Backup And Disaster Recovery: Data Security Instead Of Data Loss!

Disaster Recovery

IT failures and data loss are not only annoying, they endanger the company’s existence and usually cost a lot of money. To make matters worse, companies must take appropriate data backup and data recovery measures under the EU GDPR. Against this background, companies should implement a powerful backup and disaster recovery strategy that, in addition to efficient and regular data backup, also includes contingency plans for rapid and reliable data recovery – including for data from cloud services and software as a service offerings (SaaS).

IT failures and data loss come faster than you think. They can be caused for a variety of reasons. This ranges from hardware or software errors, targeted hacker attacks and ransomware to human error and accidents.

Although the majority of companies are now aware of the dangers, in many places insufficient precautions are taken for data backup and data recovery in the event of a disaster – especially when using cloud services and software-as-a-service solutions.

Because the fire not only completely destroyed several thousand servers, but also irretrievably destroyed all sorts of data from numerous companies and organizations – especially those who, for cost reasons and belief in the security of the cloud, have not taken any backup and disaster recovery precautions at all.

The 3-2-1 Golden Rule For Backups

Effective and continuous data backup is essential when it comes to maintaining business continuity, protecting data and protecting against major threats and disasters.

As a Rule, Companies Should Follow The 3-2-1 Backup Rule

In short, the rule defines that companies

  • should keep their business data in triplicate,
  • on two different storage technologies,
  • of which a copy is kept externally.

The beauty of the 3-2-1 backup policy is that it is easy to understand, maintain, and usable even when backing up cloud services.

However, companies should ensure that the original data and backups are not backed up by the same provider, in the same server farm or on the same server, but in several different data centers that are physically independent of one another.

With this measure, companies not only prevent serious data loss, as in the case of OVHcloud, but also long downtimes in an emergency and financial losses.

When Creating A Disaster Recovery Plan, Companies Should Consider The Following, Among Others:

1. Analysis Of Company Processes

In the first step, companies must define the scope of business continuity management and identify all problematic business processes that are of essential relevance to the company.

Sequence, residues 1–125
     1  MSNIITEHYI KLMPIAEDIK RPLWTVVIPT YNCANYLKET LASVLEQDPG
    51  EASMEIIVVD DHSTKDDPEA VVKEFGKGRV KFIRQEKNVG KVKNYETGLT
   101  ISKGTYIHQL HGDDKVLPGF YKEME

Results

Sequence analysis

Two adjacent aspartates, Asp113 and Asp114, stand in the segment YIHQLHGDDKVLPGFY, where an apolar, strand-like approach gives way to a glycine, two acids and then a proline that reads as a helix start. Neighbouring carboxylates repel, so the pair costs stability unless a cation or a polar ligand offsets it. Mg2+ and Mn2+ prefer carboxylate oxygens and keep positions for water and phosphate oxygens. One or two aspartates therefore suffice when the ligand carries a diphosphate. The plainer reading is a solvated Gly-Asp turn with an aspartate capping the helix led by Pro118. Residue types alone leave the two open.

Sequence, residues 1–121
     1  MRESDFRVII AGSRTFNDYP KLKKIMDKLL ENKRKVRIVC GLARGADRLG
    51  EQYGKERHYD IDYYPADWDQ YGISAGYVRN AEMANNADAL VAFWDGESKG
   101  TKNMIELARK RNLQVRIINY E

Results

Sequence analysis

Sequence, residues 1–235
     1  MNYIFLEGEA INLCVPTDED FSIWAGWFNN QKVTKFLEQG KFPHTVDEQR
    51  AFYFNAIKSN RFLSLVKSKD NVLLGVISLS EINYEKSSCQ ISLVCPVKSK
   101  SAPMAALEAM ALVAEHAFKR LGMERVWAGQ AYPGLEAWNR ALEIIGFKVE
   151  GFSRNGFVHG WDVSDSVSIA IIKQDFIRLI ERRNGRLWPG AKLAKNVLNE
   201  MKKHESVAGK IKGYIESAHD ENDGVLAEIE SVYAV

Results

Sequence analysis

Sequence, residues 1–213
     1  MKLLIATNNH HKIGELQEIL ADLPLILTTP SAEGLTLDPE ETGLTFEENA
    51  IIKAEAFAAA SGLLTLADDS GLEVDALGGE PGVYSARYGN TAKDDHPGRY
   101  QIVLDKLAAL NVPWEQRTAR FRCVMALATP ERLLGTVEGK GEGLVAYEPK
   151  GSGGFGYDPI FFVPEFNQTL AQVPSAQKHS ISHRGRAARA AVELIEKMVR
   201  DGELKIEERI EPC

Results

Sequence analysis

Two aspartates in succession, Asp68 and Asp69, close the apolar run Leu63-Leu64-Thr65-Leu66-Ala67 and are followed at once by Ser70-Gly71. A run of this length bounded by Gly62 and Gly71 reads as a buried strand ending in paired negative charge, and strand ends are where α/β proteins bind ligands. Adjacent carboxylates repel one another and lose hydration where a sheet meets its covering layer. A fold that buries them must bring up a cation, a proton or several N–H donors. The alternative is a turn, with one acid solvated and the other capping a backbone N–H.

2. Risk Analysis And Calculation Of The Financial Effects

After all critical business processes have been identified, companies should carry out a risk analysis and, if possible, quantify the costs that result in exemplary downtimes. On this basis, it can be decided which countermeasures are appropriate and to what extent.

3. Definition Of Responsibilities And Involvement Of Colleagues

In order to ensure effective control and monitoring of emergency management, companies must define responsibilities and processes that can start the necessary recovery steps in the event of damage. Logically, this presupposes that elementary colleagues are aware of all the steps and objectives of business continuity management.

4. Defining The Recovery Point Objective And Recovery Time Objective Variables

In order to design an appropriate disaster recovery plan that maintains business continuity after an unexpected incident, organizations need to determine several metrics.

The indicators of the Recovery Time Objective (RTO) and Recovery Point Objective (RPO) are essential parameters for emergency planning.

  • The RTO is the time allowed for data recovery, that is, the maximum time that can elapse from when the damage occurred to when the system is fully recovered.
  • The RPO is about the question of how high the maximum tolerable data loss can be between a backup and the failure of the system.

5. Continuous Control And Testing

In order to check the usefulness of emergency management, companies should carry out exercises and tests at regular intervals that simulate an IT or server failure. Depending on the test results, the implemented backup and disaster recovery strategy can be continuously improved.

A Backup And Disaster Recovery Concept Is Not A Possibility, But A Necessity!

Cloud services and applications “as a service” have become indispensable in everyday business. However, the convenience and round-the-clock availability of the data mean that companies forget that the cloud is ultimately a physical location – and that this is just as susceptible to disruptions and failures.

Because of this, companies should definitely reflect on their existing backup and disaster recovery strategy, modernize it if necessary and, in particular, regularly check it in order to work on continuous improvement of the implemented backup and disaster recovery strategy.

As is well known, companies can only minimize downtime in an emergency and ensure business continuity as well as the availability and integrity of business data with efficient and regular data backups and reliable data recovery within minutes.

Also Read: The Challenges Of The Digital Transformation Of SMEs

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